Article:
States of Guernsey Police Service

States of Guernsey Police Service
Common name Guernsey Police
Abbreviation GYPD

Guernsey Police Logo (as at 2016)
Agency overview
Formed 1915
Legal personality Governmental: Government agency
Jurisdictional structure
Operations jurisdiction* Police area of Guernsey, Alderney, Sark, Herm, GBG
Map of States of Guernsey Police Service's jurisdiction.
Size 78 km²
Population Approx 67,500
General nature
Operational structure
Headquarters Hospital Lane, St Peter Port
Sworn members 186
Agency executive Patrick Rice, Chief Officer
Stations 1
* Police area agency: Prescribed geographic area in the country, over which the agency has usual operational jurisdiction.

The States of Guernsey Police Service, known generally as the Guernsey Police, is the Police service for the Bailiwick of Guernsey, a jurisdictional sub-group of Crown Dependencies within the Channel Islands.

The Service's enforcement jurisdiction extends across the entire Bailiwick and encompasses the Islands of Guernsey, Alderney, Herm, and Sark.


In common with many communities, a historical development of parish constables formed the system of law enforcement for many centuries. In the nineteenth century the people of Guernsey complained that this system was inadequate for a growing population, and a professional police force was demanded. The parish constables retained their historic role, but from 1853 uniformed 'Assistant Constables' were appointed. Initially there were four of them, with a uniform hat and belt worn over their civilian clothing. They provided full-time policing, under the authority of the elected parish constables.[1] The current police force was formed following approval by the States of Deliberation in March 1915, consisting of an inspector, two sergeants, two corporals and eleven constables. During the five year German occupation of the Channel Islands the Police had a difficult time whilst working alongside the German military police and the Feldgendarmerie (Field Police). In 1945 the force resumed its normal role and is now considerably expanded, as of 2008 it had 169 officers supported by 37 civilian staff.

Structure and ranks

The force is headed by a Chief Officer (CO), with a Deputy Chief Officer (DCO) as second in command and a Superintendent as third in command. The current Chief Officer of the Guernsey Police is Patrick Rice. The current Deputy Chief Officer is Nigel Taylor and the current Superintendent is Ruari Hardy. Each of the four branches within the Guernsey Police is headed by a Chief Inspector; the branches are Uniformed Operations, Crime Services, Corporate Services and Specialist Services. Significant units within these four divisions include the commercial fraud department, the explosive ordinance disposal unit and the Police dog section.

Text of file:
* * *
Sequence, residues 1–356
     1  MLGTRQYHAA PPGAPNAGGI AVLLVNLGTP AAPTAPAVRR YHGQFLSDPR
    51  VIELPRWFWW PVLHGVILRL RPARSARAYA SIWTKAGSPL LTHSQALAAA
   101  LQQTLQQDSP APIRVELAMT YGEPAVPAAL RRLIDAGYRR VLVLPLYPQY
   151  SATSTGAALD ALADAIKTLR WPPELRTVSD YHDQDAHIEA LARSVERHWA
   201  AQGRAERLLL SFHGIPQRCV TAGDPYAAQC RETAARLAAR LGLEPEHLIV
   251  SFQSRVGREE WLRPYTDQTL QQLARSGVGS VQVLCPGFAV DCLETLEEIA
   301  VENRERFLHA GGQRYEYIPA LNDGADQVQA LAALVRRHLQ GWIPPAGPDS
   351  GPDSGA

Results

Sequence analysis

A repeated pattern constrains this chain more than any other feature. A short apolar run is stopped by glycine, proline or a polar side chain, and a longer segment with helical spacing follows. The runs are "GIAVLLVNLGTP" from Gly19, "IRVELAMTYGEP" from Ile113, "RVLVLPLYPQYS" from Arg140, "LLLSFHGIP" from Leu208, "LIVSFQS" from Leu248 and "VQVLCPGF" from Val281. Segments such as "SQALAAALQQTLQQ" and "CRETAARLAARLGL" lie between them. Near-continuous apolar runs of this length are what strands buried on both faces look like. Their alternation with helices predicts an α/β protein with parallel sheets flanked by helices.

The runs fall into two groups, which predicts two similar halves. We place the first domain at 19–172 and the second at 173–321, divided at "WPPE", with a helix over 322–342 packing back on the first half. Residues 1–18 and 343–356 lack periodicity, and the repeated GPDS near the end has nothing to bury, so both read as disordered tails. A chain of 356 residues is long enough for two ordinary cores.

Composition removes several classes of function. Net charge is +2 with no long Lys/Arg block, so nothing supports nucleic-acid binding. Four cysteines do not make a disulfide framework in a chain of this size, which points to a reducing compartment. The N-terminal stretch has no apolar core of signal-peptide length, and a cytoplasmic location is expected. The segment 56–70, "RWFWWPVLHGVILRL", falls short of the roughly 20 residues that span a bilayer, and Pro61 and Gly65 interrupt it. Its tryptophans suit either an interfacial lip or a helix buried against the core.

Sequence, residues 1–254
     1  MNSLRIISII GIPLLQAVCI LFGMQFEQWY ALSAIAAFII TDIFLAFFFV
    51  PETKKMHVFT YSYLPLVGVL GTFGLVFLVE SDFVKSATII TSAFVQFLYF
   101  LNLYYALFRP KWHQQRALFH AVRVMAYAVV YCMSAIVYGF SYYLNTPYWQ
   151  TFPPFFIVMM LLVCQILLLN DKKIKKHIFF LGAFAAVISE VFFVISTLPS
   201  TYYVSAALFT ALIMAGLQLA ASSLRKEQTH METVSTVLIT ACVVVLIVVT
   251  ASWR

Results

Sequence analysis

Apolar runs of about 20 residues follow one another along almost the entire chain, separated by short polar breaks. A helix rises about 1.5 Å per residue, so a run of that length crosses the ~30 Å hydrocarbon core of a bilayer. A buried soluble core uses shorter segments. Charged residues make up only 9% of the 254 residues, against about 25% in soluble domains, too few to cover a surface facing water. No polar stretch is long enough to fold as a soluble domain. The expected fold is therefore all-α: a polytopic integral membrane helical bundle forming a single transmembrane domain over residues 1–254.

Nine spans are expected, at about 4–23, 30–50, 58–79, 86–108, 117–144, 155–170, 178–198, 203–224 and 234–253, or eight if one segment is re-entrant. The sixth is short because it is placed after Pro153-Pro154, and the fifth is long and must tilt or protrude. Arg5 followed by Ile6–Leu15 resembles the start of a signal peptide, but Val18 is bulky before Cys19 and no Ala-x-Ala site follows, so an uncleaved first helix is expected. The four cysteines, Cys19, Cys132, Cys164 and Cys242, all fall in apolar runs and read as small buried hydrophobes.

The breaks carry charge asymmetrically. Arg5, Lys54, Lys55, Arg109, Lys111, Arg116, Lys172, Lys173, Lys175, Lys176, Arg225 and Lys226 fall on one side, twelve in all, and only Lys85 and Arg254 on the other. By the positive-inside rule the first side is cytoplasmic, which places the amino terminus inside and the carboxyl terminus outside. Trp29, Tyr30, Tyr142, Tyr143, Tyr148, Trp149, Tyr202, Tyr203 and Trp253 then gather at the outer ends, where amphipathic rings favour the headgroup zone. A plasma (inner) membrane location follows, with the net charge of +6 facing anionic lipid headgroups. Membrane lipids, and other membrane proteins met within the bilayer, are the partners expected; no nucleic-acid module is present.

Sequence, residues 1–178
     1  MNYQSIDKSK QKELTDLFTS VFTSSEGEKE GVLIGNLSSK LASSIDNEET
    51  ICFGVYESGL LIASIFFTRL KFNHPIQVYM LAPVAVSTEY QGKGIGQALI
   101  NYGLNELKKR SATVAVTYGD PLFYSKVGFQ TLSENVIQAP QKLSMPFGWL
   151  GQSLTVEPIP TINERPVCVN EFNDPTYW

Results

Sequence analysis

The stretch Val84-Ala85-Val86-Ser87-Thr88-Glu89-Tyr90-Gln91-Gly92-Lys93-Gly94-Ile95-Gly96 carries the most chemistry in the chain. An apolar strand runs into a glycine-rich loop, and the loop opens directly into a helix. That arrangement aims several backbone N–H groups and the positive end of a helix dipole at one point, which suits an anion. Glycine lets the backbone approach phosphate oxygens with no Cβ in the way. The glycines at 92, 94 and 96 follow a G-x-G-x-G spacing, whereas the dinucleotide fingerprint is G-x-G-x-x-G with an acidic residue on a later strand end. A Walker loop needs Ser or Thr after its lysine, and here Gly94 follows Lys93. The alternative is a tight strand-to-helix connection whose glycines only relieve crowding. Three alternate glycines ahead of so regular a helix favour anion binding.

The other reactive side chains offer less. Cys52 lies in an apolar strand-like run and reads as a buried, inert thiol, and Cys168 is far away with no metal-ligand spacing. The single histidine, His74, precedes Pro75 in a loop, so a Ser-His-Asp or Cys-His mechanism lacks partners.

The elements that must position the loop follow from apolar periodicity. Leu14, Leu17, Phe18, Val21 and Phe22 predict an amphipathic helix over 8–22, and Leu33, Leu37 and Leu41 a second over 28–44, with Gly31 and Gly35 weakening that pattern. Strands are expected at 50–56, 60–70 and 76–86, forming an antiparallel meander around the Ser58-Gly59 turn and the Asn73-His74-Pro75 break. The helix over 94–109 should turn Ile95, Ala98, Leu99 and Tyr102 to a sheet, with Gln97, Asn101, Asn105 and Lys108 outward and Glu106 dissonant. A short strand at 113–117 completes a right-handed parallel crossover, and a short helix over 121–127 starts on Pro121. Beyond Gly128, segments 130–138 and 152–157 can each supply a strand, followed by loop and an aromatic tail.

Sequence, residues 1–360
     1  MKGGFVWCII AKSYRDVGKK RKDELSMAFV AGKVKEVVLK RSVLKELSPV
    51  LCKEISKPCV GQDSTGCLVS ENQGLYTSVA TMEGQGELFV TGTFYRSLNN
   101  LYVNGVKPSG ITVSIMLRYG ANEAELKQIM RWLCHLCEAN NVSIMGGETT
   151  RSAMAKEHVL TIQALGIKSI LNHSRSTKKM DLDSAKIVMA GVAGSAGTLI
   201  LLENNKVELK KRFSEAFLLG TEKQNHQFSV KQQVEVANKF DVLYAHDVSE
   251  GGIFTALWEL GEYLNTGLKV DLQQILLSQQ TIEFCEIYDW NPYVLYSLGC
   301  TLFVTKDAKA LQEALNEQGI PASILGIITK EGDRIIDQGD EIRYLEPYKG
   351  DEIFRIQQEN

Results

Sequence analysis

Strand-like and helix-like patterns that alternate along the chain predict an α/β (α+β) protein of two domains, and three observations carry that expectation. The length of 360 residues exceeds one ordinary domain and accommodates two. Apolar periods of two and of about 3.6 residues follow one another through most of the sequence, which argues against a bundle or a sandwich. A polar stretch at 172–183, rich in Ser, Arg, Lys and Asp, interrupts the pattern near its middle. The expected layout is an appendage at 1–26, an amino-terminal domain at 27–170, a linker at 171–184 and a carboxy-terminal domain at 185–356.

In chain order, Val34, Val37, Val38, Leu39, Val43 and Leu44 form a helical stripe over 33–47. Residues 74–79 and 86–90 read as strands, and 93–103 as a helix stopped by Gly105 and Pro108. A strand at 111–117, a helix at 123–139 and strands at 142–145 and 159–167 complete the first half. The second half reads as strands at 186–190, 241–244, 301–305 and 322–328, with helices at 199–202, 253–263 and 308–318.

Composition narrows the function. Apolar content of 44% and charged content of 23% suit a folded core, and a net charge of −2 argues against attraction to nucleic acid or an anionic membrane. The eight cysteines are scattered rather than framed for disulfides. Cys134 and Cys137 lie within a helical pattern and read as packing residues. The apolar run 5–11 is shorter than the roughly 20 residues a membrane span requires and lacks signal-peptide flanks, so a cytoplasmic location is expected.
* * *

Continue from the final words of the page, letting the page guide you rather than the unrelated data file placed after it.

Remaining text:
Special Constables

Guernsey Police has a system of special constables, with three distinct types of volunteer officer, known as "A", "B", or "C" division of the special constabulary. B division special constables are fully trained to support their full-time colleagues in all aspects of policing. C division special constables carry out the duties of a traffic warden, but have certain police powers in respect of traffic control. A division special constables are full-time employees of third party agencies who are granted limited police powers within their work place, to provide a first response whilst professional police officers are travelling to an incident; for example, a number of hospital porters are sworn as A division special constables to provide an enhanced level of hospital security.[2]


From March 2015, emergency calls for all Emergency Services in Guernsey have been routed through the Joint Emergency Services Control Centre (JESCC), linking Police, Fire, Ambulance and Coastguard services.[3]


Sign at police headquarters, St. Peter Port


  1. The full history of this period is available online as a PDF document.
  2. Details on the official police website.
  3. "Joint emergency services control centre goes live". Guernsey Press. 18 March 2015.
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